New Delhi: Reserve Bank of India governor Shaktikanta Das has called for calibrated unwinding of high indirect taxes on petrol and diesel – in a co-ordinated manner by centre and states to contain the fuel prices.
“CPI inflation excluding food and fuel remained elevated at 5.5 per cent in December, due to inflationary impact of rising crude oil prices and high indirect tax rates on petrol and diesel, and pick-up in inflation of key goods and services, particularly in transport and health categories. Proactive supply side measures, particularly in enabling a calibrated unwinding of high indirect taxes on petrol and diesel – in a co-ordinated manner by centre and states – are critical to contain further build-up of cost-pressures in the economy,” the RBI minutes of meeting said.
Petrol and diesel prices in India have witnessed a sharp increase since the last 12 days, with prices of petrol nearing Rs 91 per litre and Rs 97 per litre in Delhi and Mumbai respectively.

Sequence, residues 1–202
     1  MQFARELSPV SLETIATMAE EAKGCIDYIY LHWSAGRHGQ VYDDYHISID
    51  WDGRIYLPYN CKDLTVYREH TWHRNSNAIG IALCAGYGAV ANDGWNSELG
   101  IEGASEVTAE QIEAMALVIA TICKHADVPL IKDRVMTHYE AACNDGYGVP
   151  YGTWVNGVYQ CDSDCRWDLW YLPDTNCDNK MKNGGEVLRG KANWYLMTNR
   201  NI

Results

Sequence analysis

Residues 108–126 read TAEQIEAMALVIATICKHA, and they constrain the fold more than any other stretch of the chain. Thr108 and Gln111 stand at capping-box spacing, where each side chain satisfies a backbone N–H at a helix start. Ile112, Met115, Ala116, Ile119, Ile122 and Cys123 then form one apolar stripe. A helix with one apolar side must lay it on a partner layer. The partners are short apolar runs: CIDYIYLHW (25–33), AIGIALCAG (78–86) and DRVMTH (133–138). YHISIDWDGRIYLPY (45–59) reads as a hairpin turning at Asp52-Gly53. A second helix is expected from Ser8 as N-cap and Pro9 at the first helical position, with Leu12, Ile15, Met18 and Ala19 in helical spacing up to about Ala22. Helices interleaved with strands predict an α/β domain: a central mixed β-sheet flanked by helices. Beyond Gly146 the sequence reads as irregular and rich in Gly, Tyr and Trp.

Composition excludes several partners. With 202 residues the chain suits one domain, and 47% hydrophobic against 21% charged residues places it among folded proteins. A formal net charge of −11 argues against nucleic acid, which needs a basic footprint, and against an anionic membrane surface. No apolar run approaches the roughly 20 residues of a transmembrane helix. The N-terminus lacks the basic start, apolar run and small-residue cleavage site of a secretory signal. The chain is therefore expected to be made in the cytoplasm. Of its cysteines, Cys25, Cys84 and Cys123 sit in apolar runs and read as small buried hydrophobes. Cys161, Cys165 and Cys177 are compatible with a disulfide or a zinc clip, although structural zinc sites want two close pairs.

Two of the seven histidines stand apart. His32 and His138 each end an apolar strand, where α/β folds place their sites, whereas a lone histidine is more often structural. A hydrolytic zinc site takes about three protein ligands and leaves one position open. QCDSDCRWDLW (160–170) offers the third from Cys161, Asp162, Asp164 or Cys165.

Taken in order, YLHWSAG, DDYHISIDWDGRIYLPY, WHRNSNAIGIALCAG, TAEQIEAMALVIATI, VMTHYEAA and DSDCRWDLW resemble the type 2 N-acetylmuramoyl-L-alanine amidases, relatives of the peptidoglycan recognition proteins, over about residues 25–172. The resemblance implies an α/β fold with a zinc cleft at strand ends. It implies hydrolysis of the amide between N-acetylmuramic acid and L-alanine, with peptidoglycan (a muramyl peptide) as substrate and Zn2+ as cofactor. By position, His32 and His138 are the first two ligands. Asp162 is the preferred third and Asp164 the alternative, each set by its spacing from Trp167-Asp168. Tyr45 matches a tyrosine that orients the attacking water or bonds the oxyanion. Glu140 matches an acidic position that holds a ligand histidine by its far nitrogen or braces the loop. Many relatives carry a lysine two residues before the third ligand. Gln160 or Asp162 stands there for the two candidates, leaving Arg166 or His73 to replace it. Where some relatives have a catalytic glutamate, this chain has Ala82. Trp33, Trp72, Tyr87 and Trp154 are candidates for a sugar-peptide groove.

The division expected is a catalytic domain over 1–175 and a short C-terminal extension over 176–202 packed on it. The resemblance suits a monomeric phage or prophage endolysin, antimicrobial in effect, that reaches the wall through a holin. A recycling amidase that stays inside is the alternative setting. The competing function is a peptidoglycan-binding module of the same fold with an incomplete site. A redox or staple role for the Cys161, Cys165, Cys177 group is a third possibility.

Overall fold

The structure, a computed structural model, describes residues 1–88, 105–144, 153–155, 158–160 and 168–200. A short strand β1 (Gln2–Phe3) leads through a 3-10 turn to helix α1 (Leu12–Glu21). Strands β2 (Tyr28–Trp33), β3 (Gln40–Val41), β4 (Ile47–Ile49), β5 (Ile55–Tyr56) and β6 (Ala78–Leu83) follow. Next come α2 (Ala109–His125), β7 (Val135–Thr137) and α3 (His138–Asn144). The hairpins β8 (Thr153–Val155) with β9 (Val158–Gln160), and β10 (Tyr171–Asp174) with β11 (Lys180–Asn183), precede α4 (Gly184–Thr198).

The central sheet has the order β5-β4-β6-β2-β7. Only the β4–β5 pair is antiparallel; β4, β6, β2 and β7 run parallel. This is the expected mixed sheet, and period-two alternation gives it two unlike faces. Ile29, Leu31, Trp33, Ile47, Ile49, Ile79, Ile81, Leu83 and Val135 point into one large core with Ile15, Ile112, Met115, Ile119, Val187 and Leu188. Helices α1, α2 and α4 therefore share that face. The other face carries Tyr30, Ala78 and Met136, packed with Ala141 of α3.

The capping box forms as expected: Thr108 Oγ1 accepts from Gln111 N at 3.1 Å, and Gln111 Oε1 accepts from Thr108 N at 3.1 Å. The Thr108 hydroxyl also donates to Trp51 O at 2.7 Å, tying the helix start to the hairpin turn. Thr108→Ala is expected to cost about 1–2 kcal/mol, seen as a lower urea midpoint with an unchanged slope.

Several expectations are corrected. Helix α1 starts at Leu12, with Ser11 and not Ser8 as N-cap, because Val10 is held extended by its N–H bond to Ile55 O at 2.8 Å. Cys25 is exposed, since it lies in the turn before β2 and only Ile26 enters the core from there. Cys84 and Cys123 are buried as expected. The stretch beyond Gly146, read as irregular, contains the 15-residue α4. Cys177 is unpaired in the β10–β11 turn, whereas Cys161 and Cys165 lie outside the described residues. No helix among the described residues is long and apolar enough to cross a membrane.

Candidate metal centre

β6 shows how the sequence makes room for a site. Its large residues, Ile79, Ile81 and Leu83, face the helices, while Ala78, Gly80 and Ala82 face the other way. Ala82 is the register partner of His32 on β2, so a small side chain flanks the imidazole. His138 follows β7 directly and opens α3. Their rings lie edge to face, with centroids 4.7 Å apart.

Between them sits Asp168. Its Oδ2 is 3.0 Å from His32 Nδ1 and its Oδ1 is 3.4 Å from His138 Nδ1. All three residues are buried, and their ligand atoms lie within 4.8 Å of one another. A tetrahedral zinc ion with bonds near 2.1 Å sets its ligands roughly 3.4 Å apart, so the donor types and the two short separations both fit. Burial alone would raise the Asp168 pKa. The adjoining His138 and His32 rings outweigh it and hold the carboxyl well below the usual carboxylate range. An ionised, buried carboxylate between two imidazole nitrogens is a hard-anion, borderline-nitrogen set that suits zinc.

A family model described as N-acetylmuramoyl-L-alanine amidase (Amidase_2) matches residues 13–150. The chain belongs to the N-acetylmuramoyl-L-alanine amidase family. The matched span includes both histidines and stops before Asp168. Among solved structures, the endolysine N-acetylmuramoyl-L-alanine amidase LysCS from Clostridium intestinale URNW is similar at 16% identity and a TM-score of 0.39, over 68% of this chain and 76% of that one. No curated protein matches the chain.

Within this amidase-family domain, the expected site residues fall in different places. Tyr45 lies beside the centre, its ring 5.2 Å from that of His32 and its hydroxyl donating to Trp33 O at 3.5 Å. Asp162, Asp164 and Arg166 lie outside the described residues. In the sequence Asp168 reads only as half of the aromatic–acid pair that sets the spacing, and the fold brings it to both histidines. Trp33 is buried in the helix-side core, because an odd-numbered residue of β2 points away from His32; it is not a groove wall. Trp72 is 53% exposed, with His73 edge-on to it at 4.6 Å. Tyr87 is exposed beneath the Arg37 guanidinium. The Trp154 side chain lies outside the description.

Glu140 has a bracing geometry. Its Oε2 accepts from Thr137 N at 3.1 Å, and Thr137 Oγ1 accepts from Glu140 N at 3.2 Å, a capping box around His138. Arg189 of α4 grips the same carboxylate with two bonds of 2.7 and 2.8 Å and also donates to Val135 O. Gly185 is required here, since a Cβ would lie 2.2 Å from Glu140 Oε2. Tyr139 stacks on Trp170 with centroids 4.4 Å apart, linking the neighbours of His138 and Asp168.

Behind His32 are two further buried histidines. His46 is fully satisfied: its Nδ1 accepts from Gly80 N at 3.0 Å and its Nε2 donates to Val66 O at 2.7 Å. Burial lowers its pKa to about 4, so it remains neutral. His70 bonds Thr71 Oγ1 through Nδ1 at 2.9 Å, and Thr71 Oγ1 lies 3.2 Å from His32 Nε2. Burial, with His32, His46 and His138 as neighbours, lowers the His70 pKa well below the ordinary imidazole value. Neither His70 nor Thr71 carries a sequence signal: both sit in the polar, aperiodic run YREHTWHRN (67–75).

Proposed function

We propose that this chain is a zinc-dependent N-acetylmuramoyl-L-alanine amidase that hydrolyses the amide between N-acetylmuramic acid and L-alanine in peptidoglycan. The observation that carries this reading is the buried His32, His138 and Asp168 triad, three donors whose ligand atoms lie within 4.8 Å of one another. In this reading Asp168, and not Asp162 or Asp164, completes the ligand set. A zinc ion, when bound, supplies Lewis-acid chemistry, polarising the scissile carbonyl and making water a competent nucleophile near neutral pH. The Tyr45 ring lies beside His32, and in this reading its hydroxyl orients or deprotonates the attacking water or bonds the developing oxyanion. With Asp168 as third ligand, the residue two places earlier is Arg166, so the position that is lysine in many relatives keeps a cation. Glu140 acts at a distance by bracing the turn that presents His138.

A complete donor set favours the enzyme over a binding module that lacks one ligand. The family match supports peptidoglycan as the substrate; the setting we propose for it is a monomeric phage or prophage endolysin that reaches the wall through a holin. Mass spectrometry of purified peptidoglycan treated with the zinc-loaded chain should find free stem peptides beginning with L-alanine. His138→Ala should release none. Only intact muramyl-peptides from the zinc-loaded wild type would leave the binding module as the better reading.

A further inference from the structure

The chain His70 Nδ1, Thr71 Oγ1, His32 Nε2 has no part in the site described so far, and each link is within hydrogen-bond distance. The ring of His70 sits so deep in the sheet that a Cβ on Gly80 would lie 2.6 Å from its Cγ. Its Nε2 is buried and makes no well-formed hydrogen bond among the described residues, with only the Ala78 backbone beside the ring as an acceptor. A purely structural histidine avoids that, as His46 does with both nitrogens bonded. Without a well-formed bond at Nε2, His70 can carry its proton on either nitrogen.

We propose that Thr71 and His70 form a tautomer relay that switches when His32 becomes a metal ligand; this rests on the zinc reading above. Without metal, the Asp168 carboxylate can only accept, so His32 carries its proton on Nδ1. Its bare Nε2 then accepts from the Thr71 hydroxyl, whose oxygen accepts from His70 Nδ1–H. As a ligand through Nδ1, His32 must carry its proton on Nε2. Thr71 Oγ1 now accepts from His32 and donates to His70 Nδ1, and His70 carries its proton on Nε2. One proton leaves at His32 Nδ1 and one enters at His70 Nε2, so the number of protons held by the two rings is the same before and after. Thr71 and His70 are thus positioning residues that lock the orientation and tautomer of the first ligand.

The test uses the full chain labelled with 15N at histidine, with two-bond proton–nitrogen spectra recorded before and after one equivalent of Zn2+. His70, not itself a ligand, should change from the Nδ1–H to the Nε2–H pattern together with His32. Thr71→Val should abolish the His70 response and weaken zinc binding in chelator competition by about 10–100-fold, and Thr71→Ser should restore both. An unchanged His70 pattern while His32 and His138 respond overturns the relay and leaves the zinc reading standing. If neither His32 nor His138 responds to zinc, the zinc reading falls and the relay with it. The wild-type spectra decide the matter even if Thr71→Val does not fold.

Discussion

The Reserve Bank`s Monetary Policy Committee members, in their recent meeting, expressed the need to continue with the accommodative stance to ensure that economic recovery gains greater traction and becomes broad-based.
The minutes of the MPC meet which took place February 3-5, revealed that all six members also noted lower consumer inflation brightened the outlook even as upside risks persist.
Amid an outcry over record high Petrol and diesel prices, Union Finance Minister Nirmala Sitharaman last week said the Centre and state governments will have to together work out a mechanism to bring retail rates to reasonable levels.
Sitharaman, who had increased central excise duty on petrol and diesel by a record margin last year to mop up gains arising from international oil prices plunging to two- decade low, remained non-committal on cutting taxes to give relief to consumers. She went on to explain the tax structure and how production cuts by oil cartel OPEC and its allies had led to a rally in the international oil prices, leading to a hike in retail rates in India.
She, however, said the answer may lie in bringing petrol and diesel under the Goods and Services Tax (GST) regime, which will end the cascading impact of taxes and bring uniformity.